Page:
KT McFarland: Trump Middle East peace plan a good starting point at right time despite Palestinian opposition

President Trump announced his Middle East plan two weeks ago, and critics were quick to dismiss it as dead on arrival. Palestinian leaders refused to even consider it, preferring to whip their people into yet another self-destructive day of rage.

On Tuesday Palestinian Authority President Mahmoud Abbas and disgraced former Israeli Prime Minister Ehud Olmert are expected to address the United Nations and reject the American plan, perhaps even offering plans of their own. But time and circumstances in the region have moved on, even if these two men have not.

Before joining the Trump Administration, I finished up the oral history project I had been working on for years with Henry Kissinger. During our interviews, Kissinger said the reason the Nixon Administration didn’t engage in the Middle East during their first term was that neither the Arabs nor Israelis were ready to negotiate. The Arabs had been soundly defeated in the 1967 war and lost important territory to Israel, even though the Arabs had begun hostilities. No Arab leader would contemplate negotiating after being so thoroughly humiliated.


The Israelis weren’t ready for peace either because they saw no reason to give up territory they had just won.

Furthermore, there were no great powers pushing them to the negotiating table. The Arab states were aligned with the Soviet Union, as Israel was with the United States. The preconditions necessary for diplomacy weren’t there.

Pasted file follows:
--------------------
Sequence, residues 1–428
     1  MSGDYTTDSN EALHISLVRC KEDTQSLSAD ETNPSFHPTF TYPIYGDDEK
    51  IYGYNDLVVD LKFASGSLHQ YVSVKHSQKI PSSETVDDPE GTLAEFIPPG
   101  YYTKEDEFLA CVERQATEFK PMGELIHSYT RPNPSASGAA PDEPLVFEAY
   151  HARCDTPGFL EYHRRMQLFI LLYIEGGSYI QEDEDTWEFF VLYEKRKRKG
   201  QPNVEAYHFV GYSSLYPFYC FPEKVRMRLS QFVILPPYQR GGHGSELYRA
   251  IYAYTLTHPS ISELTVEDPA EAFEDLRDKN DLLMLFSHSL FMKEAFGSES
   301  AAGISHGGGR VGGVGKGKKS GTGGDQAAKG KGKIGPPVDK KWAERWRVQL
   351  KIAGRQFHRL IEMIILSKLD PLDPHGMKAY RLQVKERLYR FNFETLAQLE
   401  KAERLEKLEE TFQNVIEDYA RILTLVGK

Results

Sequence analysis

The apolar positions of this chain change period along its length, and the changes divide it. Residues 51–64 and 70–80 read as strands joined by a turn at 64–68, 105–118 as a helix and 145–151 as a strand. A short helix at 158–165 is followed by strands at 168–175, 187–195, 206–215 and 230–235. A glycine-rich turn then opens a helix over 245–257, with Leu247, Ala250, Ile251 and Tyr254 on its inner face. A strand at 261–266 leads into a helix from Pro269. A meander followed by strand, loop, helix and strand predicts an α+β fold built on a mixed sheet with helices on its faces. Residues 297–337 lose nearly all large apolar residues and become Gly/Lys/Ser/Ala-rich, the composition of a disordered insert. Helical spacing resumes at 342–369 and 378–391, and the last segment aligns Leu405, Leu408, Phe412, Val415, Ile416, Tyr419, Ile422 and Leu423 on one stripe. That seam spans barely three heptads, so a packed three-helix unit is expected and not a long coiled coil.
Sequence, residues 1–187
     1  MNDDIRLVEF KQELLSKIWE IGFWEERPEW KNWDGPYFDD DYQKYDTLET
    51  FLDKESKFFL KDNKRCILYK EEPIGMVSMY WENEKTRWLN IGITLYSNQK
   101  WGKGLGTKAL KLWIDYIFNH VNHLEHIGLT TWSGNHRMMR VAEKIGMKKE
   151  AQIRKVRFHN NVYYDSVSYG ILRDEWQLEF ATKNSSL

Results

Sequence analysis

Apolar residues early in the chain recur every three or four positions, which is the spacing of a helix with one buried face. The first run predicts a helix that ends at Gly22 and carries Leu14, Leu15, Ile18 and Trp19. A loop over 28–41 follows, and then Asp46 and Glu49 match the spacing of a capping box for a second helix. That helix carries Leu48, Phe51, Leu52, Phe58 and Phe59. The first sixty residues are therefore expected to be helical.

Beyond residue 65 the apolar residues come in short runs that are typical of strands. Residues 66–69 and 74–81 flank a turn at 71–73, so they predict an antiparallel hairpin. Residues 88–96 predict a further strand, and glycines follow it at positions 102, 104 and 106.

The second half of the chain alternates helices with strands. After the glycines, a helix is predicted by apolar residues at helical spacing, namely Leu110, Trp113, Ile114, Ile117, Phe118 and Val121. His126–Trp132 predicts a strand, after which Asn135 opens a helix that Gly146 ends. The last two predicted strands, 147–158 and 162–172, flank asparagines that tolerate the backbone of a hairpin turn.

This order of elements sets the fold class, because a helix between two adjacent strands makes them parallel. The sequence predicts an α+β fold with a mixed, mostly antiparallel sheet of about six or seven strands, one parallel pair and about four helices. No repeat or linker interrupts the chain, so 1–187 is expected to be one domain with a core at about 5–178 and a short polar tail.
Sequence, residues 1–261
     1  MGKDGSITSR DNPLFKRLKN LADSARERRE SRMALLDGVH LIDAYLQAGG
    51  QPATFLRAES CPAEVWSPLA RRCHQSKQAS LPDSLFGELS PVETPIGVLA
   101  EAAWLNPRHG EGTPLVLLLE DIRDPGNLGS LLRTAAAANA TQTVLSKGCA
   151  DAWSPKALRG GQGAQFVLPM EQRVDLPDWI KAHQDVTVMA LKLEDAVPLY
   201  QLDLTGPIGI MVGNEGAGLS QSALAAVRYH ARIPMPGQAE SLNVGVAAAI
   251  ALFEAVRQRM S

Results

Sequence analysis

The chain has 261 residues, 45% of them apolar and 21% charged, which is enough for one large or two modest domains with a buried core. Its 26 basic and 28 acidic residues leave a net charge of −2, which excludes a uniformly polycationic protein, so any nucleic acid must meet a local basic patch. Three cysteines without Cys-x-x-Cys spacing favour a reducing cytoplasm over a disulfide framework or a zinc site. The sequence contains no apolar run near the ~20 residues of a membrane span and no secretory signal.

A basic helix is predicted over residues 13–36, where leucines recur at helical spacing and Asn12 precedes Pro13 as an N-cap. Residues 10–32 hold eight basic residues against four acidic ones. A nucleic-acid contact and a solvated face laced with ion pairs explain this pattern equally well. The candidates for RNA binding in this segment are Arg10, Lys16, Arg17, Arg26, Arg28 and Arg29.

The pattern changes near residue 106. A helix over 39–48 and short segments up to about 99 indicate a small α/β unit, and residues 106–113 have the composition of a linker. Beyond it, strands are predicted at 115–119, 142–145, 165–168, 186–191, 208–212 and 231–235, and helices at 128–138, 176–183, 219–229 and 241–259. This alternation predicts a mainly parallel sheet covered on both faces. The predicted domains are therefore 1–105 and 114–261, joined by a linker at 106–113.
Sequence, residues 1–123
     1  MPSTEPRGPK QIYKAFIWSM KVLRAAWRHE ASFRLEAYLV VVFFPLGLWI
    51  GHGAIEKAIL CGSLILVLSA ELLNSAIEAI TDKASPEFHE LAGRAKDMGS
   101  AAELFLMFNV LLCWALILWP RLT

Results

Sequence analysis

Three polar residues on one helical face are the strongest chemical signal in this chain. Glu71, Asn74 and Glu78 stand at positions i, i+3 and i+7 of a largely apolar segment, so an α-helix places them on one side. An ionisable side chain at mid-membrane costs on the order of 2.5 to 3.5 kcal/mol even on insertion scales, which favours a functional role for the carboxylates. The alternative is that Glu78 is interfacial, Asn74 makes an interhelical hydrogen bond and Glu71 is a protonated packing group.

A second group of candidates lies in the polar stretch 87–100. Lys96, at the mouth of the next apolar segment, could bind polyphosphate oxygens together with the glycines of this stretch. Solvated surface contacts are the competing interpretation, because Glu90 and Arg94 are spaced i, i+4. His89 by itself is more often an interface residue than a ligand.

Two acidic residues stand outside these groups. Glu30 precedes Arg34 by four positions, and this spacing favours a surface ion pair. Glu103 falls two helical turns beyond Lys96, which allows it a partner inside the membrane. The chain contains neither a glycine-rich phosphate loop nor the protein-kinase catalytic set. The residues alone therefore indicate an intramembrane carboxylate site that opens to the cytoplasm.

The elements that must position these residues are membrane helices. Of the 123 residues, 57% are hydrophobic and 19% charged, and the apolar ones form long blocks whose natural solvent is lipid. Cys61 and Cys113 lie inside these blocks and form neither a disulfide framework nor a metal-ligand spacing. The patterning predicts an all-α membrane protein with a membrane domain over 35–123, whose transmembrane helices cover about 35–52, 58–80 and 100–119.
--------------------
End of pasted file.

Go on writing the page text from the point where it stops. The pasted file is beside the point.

The 1973 Arab-Israeli war changed everything. The Arab nations got back their self-respect when they took back some of the lands they had lost in 1967. Although once again victorious, the Israelis got a bloody nose and realized they were not invincible. Egyptian President Anwar Sadat turned to the U.S. to help negotiate a ceasefire with Israel.

Kissinger set off on weeks of Middle East shuttle diplomacy, which ultimately resulted in separate bilateral disengagement agreements between Egypt, Syria, Jordan and Israel. The U.S. supported the Arab nations with considerable aid and became the dominant power in the region, replacing the Soviet Union. Five years later President Jimmy Carter brokered a formal peace treaty between Israel and Egypt with the Camp David Accords.

Meanwhile, the Palestinian problem festered. In the years that followed the Sunni Gulf Arab nations, as well as the mullahs in Iran, encouraged Palestinian resentment and supported anti-Israeli radical terrorist movements. The closest the Palestinians and Israelis came to any kind of peace was when President Bill Clinton tried to bring the two sides together in the closing months of his administration. In the end, Palestinian leader Yasser Arafat refused to sign the agreement.

One of Arafat’s young aides during this period was Bashar Masri. Today Masri is one of the most successful businessmen in the West Bank, and creator of the visionary Palestinian city Rawabi. But in the late 1980s, Masri helped lead the first Palestinian intifada against Israel. He was an idealistic young aide to Arafat when he signed the Oslo accords in 1993, which laid the groundwork for a two-state solution.

Years ago, I asked Masri why Arafat refused to sign an agreement which gave him almost all of what he wanted and would have fulfilled his dream of a Palestinian nation. Masri shrugged and said that Arafat had spent his whole life fighting Israel and just couldn’t bring himself to accept peace, even though he knew it was likely to be the best deal they could have gotten.

To get a diplomatic breakthrough you need two things -- a fundamental change in the situation and leaders willing to take the risk and leap into the unknown.